You're looking at a great resume. How much of it is true?

A surprising number of people don't tell the unvarnished truth on their resumes

When I first started seeing the data on the number of people who lie on their resumes, about 10 years ago now, I didn't really believe it. I mean, it's not surprising that someone might give themselves a fancier-sounding title, or list projects they hadn't had much involvement in, but I didn't think anyone would actually claim to have an advanced degree from a school they'd never attended, or list names and contact info for 'references' they didn't know or who didn't exist.

And yet the data's been pretty consistent over at least the past decade:

- Around 20% claim fraudulent degrees

- 30% alter the dates they've been employed in order to cover a gap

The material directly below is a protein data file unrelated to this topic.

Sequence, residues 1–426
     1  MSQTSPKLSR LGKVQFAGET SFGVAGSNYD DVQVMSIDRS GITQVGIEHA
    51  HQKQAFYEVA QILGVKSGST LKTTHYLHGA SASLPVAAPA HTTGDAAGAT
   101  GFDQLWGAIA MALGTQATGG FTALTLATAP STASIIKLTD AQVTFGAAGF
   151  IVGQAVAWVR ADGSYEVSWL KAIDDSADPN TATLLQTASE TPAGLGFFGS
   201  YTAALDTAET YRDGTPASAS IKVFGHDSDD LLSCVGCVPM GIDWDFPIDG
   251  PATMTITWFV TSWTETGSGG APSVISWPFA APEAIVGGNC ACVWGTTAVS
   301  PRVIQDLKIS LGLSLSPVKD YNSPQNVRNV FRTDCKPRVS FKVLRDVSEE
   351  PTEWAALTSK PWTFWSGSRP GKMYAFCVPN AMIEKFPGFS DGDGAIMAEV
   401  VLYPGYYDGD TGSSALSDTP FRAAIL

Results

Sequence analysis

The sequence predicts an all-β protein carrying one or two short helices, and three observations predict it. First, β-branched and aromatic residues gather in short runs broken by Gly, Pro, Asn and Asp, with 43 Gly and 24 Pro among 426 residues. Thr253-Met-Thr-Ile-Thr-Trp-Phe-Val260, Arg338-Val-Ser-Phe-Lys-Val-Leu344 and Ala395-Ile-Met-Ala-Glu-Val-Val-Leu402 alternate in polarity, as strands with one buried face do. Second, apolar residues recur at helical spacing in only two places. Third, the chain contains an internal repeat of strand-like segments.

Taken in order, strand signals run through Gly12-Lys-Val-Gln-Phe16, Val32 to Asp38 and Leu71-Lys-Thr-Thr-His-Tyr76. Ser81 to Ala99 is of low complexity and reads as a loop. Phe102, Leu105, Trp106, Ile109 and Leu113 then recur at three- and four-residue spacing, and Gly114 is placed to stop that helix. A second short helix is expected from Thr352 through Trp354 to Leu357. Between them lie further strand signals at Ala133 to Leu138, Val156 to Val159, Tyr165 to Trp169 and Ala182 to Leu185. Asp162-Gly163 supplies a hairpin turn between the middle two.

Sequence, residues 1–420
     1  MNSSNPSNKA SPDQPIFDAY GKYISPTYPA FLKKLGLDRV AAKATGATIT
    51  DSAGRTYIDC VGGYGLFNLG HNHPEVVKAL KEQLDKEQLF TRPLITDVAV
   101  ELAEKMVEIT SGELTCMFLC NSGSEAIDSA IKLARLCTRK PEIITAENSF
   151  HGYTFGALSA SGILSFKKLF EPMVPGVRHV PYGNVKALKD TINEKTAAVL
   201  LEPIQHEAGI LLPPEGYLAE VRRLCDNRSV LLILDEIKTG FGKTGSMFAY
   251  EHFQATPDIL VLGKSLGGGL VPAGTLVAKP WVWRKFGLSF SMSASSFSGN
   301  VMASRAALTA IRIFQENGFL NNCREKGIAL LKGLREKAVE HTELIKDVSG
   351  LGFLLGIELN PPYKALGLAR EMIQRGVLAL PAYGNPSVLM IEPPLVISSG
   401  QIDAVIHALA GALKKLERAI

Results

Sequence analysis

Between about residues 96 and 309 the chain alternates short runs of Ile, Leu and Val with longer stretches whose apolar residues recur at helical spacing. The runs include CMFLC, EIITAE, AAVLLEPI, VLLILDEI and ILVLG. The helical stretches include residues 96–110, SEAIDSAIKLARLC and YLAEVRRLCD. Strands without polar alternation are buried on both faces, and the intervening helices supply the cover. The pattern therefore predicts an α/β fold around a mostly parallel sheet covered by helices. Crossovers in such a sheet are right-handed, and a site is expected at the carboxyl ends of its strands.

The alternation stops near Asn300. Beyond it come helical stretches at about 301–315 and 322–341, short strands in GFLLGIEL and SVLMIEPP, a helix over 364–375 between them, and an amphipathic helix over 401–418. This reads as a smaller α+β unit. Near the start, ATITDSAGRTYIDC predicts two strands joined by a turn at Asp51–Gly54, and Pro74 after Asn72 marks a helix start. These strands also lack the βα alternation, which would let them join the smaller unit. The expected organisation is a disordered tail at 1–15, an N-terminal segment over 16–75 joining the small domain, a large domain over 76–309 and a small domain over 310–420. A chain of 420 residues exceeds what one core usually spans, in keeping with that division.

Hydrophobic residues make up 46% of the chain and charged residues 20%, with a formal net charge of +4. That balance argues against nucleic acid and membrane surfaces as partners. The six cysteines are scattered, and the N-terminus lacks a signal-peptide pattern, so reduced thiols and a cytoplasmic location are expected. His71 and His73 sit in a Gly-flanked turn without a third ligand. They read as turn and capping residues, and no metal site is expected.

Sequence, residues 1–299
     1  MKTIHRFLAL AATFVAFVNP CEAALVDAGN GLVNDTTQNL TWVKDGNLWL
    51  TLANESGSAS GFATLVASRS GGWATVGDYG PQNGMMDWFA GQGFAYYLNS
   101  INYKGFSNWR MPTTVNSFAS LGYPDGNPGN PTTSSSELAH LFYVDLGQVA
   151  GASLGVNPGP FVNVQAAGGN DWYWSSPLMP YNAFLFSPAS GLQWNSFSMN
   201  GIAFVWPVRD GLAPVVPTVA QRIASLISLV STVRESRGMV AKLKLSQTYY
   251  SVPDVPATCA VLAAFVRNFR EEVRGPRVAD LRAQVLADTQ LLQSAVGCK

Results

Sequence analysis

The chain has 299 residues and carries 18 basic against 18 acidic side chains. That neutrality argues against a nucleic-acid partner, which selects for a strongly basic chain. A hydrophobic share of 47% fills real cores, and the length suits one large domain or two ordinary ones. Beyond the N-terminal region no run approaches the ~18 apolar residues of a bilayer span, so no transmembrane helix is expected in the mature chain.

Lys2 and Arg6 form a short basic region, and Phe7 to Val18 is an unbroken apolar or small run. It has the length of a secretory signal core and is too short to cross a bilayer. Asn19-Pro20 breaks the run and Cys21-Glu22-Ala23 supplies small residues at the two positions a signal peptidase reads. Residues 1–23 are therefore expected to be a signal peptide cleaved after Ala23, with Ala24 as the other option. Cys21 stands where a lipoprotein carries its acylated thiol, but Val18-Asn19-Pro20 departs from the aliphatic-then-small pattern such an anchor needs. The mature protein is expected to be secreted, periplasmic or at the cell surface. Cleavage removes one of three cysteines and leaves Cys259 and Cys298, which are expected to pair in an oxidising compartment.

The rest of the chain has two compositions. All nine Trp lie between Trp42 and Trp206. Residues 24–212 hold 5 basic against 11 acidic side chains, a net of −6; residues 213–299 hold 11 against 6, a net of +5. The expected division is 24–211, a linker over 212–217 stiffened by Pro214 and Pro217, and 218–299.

- 25%+ falsify references

- 10% cover up criminal records

Of course, that doesn't include the more understandable 'embellishments' like claiming they were instrumental in a project that they had only a small part in; claiming they'd managed a 'team' when in fact it was a part-time intern; or inflating their salary (which, to be fair, is actively encouraged by some career coaches as a negotiating tactic).

Oddly, in these days of digital records and social media histories, when it's easier than ever to check basics, lying on resumes seems to be increasing, according to new data.

Here's a handy infographic that breaks down some of the key areas. In the meantime, however, if you're wondering whether that too-good-to-be-true candidate is, in fact, too good to be true, why not get in touch ? We can provide fast, cost-effective screening that'll help you make the right hiring decisions.

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